It's impossible for ordinary people to keep others interests before your own for an entire career, in the face of all direct temptations and, more importantly, preventing gradual, imperceptible declines especially in the face of "but everyone is doing it".

This is exactly what got the USA from a well regulated banking system in 1999 following the repeal of the 1933 Glass–Steagall Act, to a record financial collapse in well under 10 years.

All Professions have to address this central issue: How to monitor and deal with Conflicts of Interests.

The Iron-Cald Law of Quality applies: You cannot check your own work.

Which means ever Profession that needs to meet a Fiduciary Duty has to design, implement, staff and fund third party checking, investigation and monitoring systems (i.e. Governance and Audit), create Licensing, Compliance and Regulatory Bodies with real teeth and constantly train and check its Practitioners and Professional Organisations against those standards of Knowledge, Performance and Practice.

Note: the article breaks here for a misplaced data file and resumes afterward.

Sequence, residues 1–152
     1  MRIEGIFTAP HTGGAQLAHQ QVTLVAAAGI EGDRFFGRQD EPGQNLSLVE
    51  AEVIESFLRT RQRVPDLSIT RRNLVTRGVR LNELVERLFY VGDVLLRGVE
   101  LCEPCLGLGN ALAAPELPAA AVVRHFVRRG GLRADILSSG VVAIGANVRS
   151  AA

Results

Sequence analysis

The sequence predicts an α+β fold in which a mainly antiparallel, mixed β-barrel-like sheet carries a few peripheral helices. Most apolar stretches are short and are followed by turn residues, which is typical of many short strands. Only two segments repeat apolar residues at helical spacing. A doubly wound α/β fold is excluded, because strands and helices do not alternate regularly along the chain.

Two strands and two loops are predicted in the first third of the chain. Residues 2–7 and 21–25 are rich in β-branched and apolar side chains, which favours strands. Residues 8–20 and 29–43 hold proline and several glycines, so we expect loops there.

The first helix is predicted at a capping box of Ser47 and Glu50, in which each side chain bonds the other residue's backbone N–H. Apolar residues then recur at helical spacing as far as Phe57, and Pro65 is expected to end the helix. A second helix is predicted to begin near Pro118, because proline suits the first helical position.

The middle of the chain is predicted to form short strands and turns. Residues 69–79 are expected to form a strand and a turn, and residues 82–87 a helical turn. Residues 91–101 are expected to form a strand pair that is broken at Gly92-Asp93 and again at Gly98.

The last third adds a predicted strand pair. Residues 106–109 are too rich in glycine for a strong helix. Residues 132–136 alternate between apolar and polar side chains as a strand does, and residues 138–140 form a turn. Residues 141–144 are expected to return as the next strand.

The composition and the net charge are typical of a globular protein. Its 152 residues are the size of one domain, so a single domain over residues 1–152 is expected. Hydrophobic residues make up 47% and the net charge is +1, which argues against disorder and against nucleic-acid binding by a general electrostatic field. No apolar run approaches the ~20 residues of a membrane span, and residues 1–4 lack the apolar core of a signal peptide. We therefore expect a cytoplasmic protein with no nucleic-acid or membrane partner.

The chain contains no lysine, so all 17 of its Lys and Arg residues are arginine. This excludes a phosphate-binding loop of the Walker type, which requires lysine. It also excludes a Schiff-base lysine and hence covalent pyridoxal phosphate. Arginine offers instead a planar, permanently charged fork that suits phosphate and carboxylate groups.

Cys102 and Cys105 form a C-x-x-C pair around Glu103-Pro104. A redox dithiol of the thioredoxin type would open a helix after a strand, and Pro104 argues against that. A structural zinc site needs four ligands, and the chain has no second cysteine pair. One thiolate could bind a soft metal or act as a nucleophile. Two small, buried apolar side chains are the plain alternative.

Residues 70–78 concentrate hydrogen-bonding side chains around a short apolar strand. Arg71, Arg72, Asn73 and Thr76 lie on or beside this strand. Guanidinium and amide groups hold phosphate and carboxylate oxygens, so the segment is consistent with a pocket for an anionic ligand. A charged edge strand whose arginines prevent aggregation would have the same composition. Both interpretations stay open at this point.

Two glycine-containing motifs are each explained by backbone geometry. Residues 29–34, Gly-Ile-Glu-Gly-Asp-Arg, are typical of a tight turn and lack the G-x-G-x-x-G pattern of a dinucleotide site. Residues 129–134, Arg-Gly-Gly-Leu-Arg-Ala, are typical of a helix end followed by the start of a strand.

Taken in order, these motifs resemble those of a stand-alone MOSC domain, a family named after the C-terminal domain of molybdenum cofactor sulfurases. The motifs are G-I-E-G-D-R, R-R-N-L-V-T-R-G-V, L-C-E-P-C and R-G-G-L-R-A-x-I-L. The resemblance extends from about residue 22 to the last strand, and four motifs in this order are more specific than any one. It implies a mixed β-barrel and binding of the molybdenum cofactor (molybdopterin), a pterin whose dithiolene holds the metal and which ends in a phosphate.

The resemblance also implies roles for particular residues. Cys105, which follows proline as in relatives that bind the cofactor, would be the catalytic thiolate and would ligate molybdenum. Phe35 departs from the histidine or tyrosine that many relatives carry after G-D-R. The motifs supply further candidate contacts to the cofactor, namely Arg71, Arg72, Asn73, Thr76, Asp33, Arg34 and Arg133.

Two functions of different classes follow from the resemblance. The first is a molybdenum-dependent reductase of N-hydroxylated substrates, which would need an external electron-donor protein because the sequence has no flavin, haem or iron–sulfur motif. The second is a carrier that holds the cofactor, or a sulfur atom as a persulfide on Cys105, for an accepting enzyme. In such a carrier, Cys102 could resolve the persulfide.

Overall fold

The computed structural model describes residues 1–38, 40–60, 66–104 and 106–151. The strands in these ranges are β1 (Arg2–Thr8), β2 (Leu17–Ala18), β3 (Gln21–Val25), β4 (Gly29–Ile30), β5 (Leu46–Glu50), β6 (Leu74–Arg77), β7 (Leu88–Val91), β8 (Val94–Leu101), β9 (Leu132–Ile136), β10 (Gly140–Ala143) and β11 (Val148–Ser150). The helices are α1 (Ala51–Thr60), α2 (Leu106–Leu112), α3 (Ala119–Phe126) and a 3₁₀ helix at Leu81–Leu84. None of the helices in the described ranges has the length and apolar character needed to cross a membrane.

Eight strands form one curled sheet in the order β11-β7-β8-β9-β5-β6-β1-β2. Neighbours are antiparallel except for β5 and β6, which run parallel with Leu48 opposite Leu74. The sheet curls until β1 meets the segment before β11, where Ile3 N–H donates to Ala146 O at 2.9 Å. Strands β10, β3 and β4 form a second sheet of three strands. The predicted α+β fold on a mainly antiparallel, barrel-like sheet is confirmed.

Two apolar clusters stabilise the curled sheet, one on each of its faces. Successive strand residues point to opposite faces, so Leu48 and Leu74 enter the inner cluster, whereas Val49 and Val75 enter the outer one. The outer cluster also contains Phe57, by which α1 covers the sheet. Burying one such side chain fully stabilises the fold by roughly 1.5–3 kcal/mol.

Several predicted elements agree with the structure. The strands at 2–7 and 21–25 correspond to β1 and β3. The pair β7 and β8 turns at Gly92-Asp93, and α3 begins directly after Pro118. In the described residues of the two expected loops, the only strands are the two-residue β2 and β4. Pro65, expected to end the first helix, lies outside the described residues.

I'd argue that this Governance and Compliance function is more important for "Fiduciary Duty" Professions than Competency Testing and Licensing:
Without an absolute trust of Clients for the Profession's Services, it is fatally compromised and incapable of delivering good, let alone Adequate or Best Practice Services. If the Public won't come to you and don't trust you, it undermines your Mission/Purpose, devalues the Profession and pushes the Public to find substitutes.
In "mid standard" Professions two factors operate that limit the excesses increasingly found in Professions such as Banking, Finance, Financial Advice and Financial Audit which led to the record collapses of 2007/2008 requiring Public Bailouts: